The University of Kansas Medical Center is the medical and health care training facility for the greater Kansas City metropolitan area and for the state of Kansas. It serves as the premier clinical and biomedical research organization within the region with over 65.2 million dollars in current extramural research funding for FY 2005 ($44.6M NIH awards dollars FY05). The School of Medicine has approximately 450 faculty members at its Kansas City campus and 113 on the Wichita campus, and offers masters and doctoral degree programs, as well as statewide continuing education. There are approximately 750 students enrolled in the M.D. program and 150 students in other graduate studies.
Through its clinical, community service, and educational activity the Department of Family Medicine has developed close working relationships with other departments in the School of Medicine, the School of Nursing and Allied Health, the Center on Aging, the office of external Affairs, and the Kansas Masonic Cancer Research Institute. A core faculty of 15 physicians, a clinical psychologist, a medical social worker, two doctoral-level educators, and three nurse practitioners have been successful in all aspects of the educational, service, and research missions of the department. The pre-doctoral program has incorporated family medicine principles and educators in all years of the medical school curriculum, and recent KUSOM calculations found that Family Medicine faculty spends significantly more teaching hours per FTE than any other clinical department within the Medical Center. The residency program is one of the oldest in the United States, with approximately 40 percent of graduates electing to practice the full spectrum of family medicine skills, many in rural communities. A number of other graduates have gone on to work in underserved urban areas and the department continually seeks to meet the workforce needs of the state of Kansas. The department is recognized for its responsiveness to the needs of the community through affiliations with the local county health department, the Wyandotte County Community Health Council, the County Safety-Net Clinic Coalition (WCSNCC), the department supported student-run JayDoc free Clinic, nearby federally qualified community health centers (Swope Wyandotte, Swope Quindaro and Swope Health Central), and a host of community organizations partnering with our community-based residency training initiative.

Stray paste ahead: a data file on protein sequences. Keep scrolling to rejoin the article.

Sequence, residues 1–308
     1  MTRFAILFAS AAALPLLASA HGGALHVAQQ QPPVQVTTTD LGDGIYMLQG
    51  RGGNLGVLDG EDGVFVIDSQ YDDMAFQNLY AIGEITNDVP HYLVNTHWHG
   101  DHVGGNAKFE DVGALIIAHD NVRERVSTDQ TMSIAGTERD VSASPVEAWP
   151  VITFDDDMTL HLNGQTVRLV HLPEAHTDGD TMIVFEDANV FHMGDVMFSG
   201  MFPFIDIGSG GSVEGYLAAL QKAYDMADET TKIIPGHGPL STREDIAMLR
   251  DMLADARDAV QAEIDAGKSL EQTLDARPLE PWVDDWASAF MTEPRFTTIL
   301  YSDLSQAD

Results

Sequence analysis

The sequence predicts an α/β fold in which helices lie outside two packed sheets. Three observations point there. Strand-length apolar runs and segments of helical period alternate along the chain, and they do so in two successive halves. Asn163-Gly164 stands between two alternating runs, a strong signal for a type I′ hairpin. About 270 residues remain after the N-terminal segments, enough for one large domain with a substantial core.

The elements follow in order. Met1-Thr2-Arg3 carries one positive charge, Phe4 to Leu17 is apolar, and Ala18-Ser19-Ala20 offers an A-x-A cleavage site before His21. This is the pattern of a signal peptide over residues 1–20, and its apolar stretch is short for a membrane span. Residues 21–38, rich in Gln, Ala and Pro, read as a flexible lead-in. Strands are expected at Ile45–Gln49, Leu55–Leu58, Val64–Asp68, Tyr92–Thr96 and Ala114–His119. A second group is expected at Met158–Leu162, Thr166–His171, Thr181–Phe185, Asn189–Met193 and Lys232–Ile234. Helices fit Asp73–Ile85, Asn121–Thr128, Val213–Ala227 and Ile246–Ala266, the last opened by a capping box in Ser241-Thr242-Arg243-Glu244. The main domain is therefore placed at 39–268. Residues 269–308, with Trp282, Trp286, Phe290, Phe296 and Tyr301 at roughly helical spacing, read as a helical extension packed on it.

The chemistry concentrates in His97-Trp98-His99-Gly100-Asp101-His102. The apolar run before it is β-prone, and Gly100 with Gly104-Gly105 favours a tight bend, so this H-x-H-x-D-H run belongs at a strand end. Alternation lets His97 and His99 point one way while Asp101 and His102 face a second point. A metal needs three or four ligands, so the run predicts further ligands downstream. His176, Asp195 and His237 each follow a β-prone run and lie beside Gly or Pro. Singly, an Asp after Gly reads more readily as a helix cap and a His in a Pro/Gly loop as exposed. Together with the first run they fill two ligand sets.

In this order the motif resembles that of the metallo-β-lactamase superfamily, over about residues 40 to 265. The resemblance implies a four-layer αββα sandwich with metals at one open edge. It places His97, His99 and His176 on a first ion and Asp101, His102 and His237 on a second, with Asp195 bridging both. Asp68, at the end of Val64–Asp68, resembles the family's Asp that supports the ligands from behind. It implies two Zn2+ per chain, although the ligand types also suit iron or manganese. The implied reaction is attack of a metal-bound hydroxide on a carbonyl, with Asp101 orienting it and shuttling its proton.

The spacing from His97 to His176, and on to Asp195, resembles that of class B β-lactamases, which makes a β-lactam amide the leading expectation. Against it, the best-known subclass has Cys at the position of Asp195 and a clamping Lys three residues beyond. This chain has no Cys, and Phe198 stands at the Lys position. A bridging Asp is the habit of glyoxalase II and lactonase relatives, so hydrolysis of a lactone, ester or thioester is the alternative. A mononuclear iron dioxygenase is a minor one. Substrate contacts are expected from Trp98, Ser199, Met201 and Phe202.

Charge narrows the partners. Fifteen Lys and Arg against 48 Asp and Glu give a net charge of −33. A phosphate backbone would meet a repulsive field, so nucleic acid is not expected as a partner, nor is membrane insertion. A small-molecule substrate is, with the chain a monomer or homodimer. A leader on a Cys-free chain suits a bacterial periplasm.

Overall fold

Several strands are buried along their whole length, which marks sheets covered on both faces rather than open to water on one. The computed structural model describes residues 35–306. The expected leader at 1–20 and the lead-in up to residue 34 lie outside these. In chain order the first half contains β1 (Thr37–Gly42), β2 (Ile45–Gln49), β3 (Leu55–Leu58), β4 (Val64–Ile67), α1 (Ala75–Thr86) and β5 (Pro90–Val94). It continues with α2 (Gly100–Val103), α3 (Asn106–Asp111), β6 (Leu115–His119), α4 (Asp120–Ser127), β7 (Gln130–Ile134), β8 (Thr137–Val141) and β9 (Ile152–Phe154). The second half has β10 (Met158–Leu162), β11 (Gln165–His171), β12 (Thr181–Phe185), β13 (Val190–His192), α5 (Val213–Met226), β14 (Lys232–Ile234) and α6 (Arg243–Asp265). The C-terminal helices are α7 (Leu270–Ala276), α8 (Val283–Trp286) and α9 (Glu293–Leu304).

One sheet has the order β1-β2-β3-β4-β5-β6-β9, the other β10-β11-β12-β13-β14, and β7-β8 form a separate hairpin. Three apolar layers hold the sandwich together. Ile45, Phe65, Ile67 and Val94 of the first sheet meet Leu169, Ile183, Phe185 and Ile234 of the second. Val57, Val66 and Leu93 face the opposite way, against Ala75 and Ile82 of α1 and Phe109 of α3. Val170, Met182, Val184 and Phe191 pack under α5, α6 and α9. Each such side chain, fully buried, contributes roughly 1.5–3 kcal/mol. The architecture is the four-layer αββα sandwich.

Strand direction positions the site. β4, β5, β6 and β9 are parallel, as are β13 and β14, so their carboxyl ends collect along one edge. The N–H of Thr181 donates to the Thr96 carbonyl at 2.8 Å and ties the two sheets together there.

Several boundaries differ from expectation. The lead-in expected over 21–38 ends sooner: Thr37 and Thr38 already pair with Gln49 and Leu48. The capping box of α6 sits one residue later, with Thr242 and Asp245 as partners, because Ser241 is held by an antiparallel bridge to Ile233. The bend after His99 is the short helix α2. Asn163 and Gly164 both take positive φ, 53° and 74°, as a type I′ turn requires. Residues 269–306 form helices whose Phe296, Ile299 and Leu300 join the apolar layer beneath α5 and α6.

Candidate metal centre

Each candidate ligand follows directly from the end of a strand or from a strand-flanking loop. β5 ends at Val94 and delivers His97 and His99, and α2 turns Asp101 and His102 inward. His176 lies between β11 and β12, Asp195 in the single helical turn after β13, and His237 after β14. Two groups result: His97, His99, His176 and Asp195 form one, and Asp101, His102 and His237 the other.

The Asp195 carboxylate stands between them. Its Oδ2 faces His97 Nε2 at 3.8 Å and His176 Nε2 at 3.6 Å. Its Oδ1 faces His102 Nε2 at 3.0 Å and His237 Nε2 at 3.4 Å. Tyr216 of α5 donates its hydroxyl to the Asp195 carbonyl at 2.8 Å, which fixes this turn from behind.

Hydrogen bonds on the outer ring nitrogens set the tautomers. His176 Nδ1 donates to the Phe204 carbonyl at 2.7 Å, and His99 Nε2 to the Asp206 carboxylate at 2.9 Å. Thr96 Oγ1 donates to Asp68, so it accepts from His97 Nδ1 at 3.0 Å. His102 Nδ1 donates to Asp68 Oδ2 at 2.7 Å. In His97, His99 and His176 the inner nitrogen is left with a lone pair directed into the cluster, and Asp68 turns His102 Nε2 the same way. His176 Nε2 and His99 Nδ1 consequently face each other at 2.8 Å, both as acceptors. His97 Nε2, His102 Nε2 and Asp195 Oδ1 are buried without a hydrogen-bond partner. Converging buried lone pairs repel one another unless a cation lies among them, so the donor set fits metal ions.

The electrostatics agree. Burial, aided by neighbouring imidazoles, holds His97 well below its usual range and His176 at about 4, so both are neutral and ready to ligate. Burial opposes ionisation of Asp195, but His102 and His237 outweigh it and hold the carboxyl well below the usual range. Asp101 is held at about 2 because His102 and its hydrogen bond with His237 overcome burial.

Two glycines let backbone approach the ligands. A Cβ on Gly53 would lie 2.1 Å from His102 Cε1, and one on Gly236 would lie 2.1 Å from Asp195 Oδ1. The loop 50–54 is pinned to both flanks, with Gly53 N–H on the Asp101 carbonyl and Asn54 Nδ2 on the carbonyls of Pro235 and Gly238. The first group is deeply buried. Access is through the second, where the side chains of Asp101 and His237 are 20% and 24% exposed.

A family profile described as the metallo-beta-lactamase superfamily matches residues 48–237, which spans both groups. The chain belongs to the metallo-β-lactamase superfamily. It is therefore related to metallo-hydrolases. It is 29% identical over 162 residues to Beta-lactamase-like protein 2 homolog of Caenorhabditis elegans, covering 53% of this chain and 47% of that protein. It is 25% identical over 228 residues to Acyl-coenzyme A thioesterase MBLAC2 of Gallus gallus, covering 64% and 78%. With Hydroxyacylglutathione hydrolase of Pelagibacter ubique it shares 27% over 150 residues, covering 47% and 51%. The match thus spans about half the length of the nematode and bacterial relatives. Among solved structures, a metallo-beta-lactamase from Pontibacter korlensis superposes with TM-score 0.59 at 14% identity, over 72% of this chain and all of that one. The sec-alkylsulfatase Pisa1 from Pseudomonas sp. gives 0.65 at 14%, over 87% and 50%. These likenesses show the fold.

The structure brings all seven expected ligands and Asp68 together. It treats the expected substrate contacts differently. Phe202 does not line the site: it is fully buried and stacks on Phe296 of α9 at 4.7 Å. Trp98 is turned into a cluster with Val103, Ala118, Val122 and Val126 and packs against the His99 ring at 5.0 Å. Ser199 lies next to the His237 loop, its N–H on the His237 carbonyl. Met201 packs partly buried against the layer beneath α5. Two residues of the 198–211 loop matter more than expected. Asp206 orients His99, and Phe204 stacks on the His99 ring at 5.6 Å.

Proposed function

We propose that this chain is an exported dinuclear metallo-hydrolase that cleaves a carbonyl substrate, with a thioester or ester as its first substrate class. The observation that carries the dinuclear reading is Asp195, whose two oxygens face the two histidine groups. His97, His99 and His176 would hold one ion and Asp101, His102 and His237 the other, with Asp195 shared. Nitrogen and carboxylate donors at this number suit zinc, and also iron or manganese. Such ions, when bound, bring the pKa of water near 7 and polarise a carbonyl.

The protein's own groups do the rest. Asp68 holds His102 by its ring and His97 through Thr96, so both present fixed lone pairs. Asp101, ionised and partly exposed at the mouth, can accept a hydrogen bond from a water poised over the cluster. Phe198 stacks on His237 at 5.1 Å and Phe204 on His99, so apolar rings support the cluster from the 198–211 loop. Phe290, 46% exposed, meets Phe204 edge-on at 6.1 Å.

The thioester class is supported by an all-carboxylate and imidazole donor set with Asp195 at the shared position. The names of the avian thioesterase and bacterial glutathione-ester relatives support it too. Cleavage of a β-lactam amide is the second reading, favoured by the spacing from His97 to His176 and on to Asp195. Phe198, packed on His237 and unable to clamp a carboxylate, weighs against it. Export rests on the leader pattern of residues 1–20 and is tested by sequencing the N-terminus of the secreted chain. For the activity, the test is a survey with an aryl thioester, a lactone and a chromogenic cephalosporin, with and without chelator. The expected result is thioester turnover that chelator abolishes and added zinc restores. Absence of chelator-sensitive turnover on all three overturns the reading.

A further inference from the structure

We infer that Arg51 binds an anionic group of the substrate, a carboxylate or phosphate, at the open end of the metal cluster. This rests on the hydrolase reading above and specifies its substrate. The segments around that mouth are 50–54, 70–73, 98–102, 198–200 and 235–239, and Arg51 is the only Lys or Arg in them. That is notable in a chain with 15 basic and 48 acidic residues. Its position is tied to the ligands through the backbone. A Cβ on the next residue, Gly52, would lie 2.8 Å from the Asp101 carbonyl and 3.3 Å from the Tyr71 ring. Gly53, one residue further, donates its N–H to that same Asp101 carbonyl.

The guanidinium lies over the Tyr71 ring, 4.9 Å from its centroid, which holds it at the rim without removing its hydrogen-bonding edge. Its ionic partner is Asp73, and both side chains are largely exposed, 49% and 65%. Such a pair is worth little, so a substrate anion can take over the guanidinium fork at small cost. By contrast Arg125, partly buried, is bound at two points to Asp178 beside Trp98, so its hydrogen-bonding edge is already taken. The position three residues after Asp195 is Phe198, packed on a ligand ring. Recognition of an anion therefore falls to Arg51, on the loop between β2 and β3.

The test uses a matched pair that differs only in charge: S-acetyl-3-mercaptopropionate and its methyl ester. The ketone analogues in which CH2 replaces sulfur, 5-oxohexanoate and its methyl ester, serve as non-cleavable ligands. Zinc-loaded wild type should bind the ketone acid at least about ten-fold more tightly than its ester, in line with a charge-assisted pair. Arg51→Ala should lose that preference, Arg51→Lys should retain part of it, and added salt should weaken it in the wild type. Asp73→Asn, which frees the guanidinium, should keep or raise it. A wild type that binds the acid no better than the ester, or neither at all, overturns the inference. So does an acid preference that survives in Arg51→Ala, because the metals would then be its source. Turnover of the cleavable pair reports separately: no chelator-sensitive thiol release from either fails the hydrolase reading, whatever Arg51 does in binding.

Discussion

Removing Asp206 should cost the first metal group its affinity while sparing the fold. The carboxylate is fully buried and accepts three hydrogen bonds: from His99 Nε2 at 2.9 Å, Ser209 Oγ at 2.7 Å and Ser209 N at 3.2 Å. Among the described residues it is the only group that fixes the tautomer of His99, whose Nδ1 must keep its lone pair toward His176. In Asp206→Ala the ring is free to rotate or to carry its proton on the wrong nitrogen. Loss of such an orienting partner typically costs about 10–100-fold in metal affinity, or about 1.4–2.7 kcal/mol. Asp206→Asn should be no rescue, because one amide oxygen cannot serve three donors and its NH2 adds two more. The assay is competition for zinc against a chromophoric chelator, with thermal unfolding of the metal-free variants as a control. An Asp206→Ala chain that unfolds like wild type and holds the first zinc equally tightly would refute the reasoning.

Existing Research Activities in Clinical/Community Research:The Department of Family Medicine has a growing and well funded portfolio of community-based research. Departmental faculty have a record of health disparities publications. The departmentally administered KPEPR network now includes both rural and urban practices (see Summer Rural Program).
The urban clinics in the network are primarily safety-net clinics and we have strong collaborative relationships with the Wyandotte County Safety-net Clinic Coalition that oversees joint projects for these 9 clinics. Faculty member, Kim Kimminau, Ph.D., directs a series of projects with local and regional public health organizations. This range of active projects and development opportunities will provide extensive opportunity for growth of clinical and community researchers